Molecular evidence for mitochondrial dysfunction in bipolar disorder.
ABSTRACT The disease mechanism of bipolar disorder remains unknown. Recent studies have provided evidence for abnormal gene expression in bipolar disorder.
To determine the expression of 12558 nuclear genes in the human hippocampus in healthy control subjects and those with bipolar disorder or schizophrenia.
We used gene arrays to study messenger RNA expression. Data were verified with a real-time quantitative polymerase chain reaction assay.
We studied 10 healthy control subjects, 9 subjects with bipolar disorder, and 8 subjects with schizophrenia.
The expression of nuclear messenger RNA coding for mitochondrial proteins was significantly decreased in the hippocampus in subjects with bipolar disorder but not in those with schizophrenia. Subjects with bipolar disorder were characterized by a pronounced and extensive decrease in the expression of genes regulating oxidative phosphorylation and the adenosine triphosphate-dependent process of proteasome degradation.
These findings point toward a widespread dysregulation of mitochondrial energy metabolism and downstream deficits of adenosine triphosphate-dependent processes in bipolar disorder.
Full-textDOI: · Available from: Christine Konradi, Mar 31, 2014
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ABSTRACT: Different lines of evidence suggest that mitochondrial dysfunction may be implicated in bipolar disorder (BD) pathophysiology. Mitochondrial electron transport chain (ETC) is a key target to evaluate mitochondrial function, but its activity has never been assessed in unmedicated BD or during mood episodes. Also, lithium has been shown to increase ETC gene expression/activity in preclinical models and in postmortem brains of BD subjects, but to date, no study has evaluated lithium's direct effects on ETC activity in vivo.Psychopharmacology 06/2014; DOI:10.1007/s00213-014-3655-6 · 3.99 Impact Factor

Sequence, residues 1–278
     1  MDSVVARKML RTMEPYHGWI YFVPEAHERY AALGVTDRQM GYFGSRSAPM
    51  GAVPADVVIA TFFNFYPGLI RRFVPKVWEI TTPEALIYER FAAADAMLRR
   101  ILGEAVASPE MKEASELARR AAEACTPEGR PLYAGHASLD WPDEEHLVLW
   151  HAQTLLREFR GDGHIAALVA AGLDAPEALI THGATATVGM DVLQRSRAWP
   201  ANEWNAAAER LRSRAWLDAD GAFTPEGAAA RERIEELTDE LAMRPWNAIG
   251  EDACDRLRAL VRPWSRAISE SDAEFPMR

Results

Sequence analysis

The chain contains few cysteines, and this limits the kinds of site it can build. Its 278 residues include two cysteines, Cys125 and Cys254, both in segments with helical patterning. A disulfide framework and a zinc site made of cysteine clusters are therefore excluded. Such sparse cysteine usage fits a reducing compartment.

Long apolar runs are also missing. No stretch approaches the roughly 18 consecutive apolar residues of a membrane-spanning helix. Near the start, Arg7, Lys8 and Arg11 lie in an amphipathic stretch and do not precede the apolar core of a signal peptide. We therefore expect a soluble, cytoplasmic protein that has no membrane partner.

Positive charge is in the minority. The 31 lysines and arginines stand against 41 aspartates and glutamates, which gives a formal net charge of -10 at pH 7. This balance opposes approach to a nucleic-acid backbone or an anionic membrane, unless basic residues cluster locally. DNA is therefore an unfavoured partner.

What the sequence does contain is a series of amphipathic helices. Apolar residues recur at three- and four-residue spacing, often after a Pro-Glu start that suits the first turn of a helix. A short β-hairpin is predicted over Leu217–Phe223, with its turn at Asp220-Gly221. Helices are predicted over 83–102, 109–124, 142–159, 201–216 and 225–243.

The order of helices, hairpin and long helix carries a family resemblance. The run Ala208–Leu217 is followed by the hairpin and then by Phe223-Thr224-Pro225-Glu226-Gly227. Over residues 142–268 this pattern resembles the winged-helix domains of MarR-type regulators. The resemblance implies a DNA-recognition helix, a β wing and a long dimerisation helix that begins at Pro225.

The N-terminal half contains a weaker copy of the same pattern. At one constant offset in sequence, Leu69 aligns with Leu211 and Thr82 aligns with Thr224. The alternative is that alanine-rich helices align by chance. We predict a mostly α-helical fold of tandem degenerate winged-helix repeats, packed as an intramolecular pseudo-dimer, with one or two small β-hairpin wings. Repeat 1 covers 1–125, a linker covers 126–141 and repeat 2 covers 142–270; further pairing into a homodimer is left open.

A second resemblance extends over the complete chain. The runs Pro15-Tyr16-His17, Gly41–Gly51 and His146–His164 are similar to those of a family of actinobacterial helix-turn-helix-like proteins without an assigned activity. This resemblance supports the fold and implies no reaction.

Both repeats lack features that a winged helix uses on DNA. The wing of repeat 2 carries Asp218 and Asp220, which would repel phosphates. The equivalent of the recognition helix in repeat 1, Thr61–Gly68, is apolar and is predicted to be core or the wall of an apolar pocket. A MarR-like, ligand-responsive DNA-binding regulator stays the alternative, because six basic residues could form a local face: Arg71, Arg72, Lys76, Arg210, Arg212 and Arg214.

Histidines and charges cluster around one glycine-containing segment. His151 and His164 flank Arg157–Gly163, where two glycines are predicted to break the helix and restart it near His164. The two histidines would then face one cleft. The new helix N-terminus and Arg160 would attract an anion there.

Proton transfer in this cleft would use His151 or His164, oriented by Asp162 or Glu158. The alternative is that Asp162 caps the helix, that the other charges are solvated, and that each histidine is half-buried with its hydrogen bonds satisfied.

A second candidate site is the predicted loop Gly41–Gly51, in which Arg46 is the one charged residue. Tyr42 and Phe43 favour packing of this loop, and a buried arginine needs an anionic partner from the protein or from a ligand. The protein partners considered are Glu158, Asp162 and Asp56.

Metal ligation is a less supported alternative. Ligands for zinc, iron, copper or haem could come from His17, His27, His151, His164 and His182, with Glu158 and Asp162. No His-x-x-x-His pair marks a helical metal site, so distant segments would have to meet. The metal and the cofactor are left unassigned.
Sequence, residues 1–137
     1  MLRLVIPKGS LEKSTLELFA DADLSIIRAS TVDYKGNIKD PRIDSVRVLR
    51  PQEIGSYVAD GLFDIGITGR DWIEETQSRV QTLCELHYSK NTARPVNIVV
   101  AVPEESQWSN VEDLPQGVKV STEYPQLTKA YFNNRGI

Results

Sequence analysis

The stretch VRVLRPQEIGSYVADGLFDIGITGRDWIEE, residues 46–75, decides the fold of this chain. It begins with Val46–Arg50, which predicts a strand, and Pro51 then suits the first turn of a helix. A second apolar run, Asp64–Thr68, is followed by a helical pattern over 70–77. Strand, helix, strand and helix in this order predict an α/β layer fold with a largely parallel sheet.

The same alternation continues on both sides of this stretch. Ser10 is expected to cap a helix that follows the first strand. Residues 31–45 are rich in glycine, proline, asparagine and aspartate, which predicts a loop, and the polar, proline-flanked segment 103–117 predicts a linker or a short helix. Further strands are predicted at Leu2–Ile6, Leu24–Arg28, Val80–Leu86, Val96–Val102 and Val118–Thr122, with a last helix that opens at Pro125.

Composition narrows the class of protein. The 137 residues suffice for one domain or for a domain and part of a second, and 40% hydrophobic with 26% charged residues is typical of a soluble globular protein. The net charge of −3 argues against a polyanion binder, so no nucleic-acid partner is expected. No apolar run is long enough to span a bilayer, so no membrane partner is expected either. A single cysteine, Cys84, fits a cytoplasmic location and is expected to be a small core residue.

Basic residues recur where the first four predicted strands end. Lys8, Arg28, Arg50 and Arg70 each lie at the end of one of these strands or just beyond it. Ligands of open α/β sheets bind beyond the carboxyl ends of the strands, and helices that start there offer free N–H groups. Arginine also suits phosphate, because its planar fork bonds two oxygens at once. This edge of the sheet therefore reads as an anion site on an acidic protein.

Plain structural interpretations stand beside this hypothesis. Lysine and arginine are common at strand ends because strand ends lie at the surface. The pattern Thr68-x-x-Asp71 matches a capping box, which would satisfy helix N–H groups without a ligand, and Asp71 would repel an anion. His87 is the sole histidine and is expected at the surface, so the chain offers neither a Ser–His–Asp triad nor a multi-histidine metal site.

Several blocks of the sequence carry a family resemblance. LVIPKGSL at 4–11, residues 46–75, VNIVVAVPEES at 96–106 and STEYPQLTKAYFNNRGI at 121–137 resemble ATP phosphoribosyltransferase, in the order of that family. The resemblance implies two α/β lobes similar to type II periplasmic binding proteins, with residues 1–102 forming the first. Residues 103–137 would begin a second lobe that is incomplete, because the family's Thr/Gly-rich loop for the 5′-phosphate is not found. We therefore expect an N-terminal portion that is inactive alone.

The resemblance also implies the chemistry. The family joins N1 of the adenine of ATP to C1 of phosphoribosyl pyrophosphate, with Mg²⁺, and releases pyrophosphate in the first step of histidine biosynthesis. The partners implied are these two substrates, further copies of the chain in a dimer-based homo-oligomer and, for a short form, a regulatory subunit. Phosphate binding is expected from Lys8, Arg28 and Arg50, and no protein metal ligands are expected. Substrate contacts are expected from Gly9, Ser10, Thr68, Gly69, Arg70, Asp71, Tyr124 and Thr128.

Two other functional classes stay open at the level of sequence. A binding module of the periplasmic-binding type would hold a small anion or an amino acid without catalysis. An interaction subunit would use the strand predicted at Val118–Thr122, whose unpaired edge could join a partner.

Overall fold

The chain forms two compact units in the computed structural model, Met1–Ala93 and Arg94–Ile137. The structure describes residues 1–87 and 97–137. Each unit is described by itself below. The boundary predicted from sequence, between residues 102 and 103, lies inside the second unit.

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ABSTRACT: Bipolar disorder (BD) is a severe brain disease that is associated with a significant risk for suicide. Recent studies indicate that altitude of residence significantly affects overall rate of completed suicide, and is associated with a higher incidence of depressive symptoms. Bipolar disorder has shown to be linked to mitochondrial dysfunction that may increase the severity of episodes. The present study used existing data sets to explore the hypothesis that altitude has a greater effect of suicide in BD, compared with other mental illnesses. The study utilized data extracted from the National Violent Death Reporting System (NVDRS), a surveillance system designed by the Centers for Disease Control and Prevention (CDC) National Center for Injury Prevention and Control (NCIPC). Data were available for 16 states for the years 2005-2008, representing a total of 35,725 completed suicides in 922 U.S. counties. Random coefficient and logistic regression models in the SAS PROC MIXED procedure were used to estimate the effect of altitude on decedent's mental health diagnosis. Altitude was a significant, independent predictor of the altitude at which suicides occurred (F=8.28, p=0.004 and Wald chi-square=21.67, p<0.0001). Least squares means of altitude, independent of other variables, indicated that individuals with BD committed suicide at the greatest mean altitude. Moreover, the mean altitude at which suicides occurred in BD was significantly higher than in decedents whose mental health diagnosis was major depressive disorder (MDD), schizophrenia, or anxiety disorder. Identifying diagnosis-specific risk factors such as altitude may aid suicide prevention efforts, and provide important information for improving the clinical management of BD.Medical Hypotheses 01/2014; 82(3). DOI:10.1016/j.mehy.2014.01.006 · 1.15 Impact Factor